Inspired by the latest (May 2018 if you’re reading this at a later time) viral trend of Yanni vs Laurel this blog is going to explain the differences between NPM and Yarn. The first few labs in React we were told to use the NPM install and start CLI commands. While in lecture my instructor had recommended us to install Yarn. So while I am in the first week of learning React and the only thing I am certain they do is that NPM takes a really long time to install on my Mac, I decided to learn what both of these are and familiarize myself with them and provide a small summary in their differences.
What is NPM and Yarn?
Both NPM and Yarn are both package managers. Package Managers is essentially a way to automate the process of installing, upgrading, configuring or removing software.
Upon further research I learned that Yarn was created by Facebook as an alternative to NPM. They created Yarn to solve the problems they were having while using NPM particularly the problems with consistency, security and speed. Yarn has the same feature set while operating faster, more securely and most importantly more reliable.
With the introduction of Yarn it overtook NPM as the preferred manager. Using GitHub’s star counter, Yarn is nearly double that of NPM.
In terms of installation speed Yarn trumps NPM. Many have done benchmark tests and Yarn edges out NPM in every aspect. This is due to the fact that Yarn installs multiple packages at once compared to NPM which installs one at a time.
Another reason Facebook developed Yarn was NPM’s security issues. NPM allowed packages to run code on installation. NPM will run code from dependencies automatically and on the fly. While this feature has its conveniences, it raised a few security concerns.
How Yarn is different in NPM is that Yarn only installs from your yarn.lock or package.json files. Yarn.lock ensures that the same package is installed throughout all devices, this reduces the possibility of bugs from having different versions installed. Facebook had problems with the consistency with NPM when installing dependencies across different users and machines. Yarn can also be run offline to install packages if you have already installed them in the past (NPM needs an internet connection to install packages.)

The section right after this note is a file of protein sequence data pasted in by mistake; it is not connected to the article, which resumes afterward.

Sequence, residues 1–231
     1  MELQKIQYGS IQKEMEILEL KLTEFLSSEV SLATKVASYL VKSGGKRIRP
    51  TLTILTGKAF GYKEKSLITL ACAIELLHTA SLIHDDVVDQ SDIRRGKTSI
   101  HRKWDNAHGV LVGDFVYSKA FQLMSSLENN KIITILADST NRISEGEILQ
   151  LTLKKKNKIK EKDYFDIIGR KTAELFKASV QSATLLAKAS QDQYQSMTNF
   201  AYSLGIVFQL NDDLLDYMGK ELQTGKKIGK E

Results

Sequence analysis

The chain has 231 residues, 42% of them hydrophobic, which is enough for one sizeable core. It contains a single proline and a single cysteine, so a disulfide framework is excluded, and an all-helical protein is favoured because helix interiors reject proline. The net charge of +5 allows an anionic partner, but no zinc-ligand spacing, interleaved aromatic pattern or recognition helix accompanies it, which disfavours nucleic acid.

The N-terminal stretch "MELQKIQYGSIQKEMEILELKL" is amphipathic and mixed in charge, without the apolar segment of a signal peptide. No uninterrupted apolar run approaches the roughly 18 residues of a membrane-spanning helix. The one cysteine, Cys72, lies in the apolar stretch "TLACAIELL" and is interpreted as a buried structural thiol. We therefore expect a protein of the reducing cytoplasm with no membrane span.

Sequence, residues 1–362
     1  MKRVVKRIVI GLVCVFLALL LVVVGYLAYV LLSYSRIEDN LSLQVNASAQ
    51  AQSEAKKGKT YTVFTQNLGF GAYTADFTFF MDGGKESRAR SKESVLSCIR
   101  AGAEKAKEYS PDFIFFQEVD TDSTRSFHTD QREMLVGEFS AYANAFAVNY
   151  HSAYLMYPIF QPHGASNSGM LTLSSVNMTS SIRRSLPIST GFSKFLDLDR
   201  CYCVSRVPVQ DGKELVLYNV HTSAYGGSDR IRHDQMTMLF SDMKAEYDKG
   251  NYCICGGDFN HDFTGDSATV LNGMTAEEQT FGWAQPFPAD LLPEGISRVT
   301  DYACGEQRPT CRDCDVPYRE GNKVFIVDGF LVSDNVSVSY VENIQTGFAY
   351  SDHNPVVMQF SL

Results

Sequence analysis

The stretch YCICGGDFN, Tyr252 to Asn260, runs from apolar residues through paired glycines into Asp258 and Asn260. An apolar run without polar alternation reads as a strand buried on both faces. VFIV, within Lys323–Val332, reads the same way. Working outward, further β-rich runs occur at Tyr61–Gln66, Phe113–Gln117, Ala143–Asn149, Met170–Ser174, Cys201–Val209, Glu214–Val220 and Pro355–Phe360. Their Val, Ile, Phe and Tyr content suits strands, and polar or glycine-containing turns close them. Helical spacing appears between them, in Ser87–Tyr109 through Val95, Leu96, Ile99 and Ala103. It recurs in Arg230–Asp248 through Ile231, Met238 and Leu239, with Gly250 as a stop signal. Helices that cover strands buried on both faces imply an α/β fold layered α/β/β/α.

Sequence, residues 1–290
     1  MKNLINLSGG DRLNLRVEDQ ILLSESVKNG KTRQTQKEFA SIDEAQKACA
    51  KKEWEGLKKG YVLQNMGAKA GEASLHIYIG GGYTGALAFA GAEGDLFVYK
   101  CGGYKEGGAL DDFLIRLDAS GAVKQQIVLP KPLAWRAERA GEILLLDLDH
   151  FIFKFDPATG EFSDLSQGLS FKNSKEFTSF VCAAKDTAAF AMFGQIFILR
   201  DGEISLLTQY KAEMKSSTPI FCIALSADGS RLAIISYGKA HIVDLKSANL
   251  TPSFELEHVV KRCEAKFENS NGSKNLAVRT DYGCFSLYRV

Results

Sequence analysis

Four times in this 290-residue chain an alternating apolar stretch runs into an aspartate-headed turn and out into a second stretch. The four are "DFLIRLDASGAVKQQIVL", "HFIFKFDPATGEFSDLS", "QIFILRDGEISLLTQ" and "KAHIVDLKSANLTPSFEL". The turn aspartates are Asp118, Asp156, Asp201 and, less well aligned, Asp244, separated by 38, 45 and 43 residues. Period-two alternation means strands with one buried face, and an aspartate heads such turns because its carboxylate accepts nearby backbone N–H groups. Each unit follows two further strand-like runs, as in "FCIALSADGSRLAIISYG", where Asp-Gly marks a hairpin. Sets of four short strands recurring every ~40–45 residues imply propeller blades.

NPM Version 5.0
With their newest release if npm 5 many of the shortcomings of NPM were addressed.
- NPM 5 introduced the package-lock.json file for better versioning control.
- NPM 5 is now much faster, but Yarn still edges them out in terms of speed.
- Now supports offline installation for previously downloaded packages.
Both NPM and Yarn are great tools in managing your projects dependencies. There are a lot of improvements Yarn has over npm from faster speeds and stronger security. Many say that if you are already familiar with NPM that a jump to Yarn isn’t really necessary, especially with the release of version 5. Personally I will favor Yarn over NPM mainly because of the speed and that the instructors here at Flatiron prefer Yarn over NPM. But it all boils down to a matter of preference.